When we examine the issue of safety it is important not to consider only the effects of a collision on a single vehicle. The problems of compatibility between vehicles with small and high masses are becoming fundamental in automotive safety engineering. They are even more significant if we consider developments on today’s cars, which are tending to become larger and heavier. In this context, the safety of a small, light car becomes particularly significant and crucial. For this reason, the Nido project concentrated on analysing and prototyping new solutions that involve both the structure and the design of a small two-seater car, with the objective of increasing safety levels on the basis not of its weight but of a new principle.
The Nido is composed of three main elements:
- a chassis, accounting for approximately two thirds the total vehicle weight, which supports all the mechanical components, like the front and rear suspension, the engine, etc. This chassis has a front crumple zone and a rigid safety cell around the occupants;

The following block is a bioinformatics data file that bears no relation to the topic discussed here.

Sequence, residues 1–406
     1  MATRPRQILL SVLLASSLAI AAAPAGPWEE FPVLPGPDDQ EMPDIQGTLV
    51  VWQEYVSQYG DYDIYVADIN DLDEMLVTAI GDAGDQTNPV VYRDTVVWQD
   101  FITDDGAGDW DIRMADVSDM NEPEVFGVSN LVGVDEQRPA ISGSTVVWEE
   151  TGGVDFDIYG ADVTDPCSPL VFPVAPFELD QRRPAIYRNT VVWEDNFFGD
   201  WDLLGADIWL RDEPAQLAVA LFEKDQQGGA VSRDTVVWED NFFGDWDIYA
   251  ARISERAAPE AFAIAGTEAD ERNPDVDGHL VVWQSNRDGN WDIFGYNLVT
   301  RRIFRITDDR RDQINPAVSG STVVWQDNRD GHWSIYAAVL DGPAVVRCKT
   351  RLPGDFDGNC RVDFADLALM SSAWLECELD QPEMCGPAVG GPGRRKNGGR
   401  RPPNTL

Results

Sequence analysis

- a shell for the occupants, which accounts for approximately one third of the vehicle weight. It is a sled that slides horizontally along a central runner within the rigid cell;
- in normal conditions the rigid cell and the sled are connected by the third element, which consists of two absorbers that dissipate the energy with a level of rigidity achieved by the combination of three honeycomb blocks of different density.
The functioning of the rigid cell/honeycomb energy absorber/sled system was verified by building simplified virtual models and simulating different types of collision. The project concluded with the construction of two development models to verify the correspondence between the physical and the virtual models. A life size prototype was also built and an industrial feasibility study was conducted based on a target output of 20,000 units per year.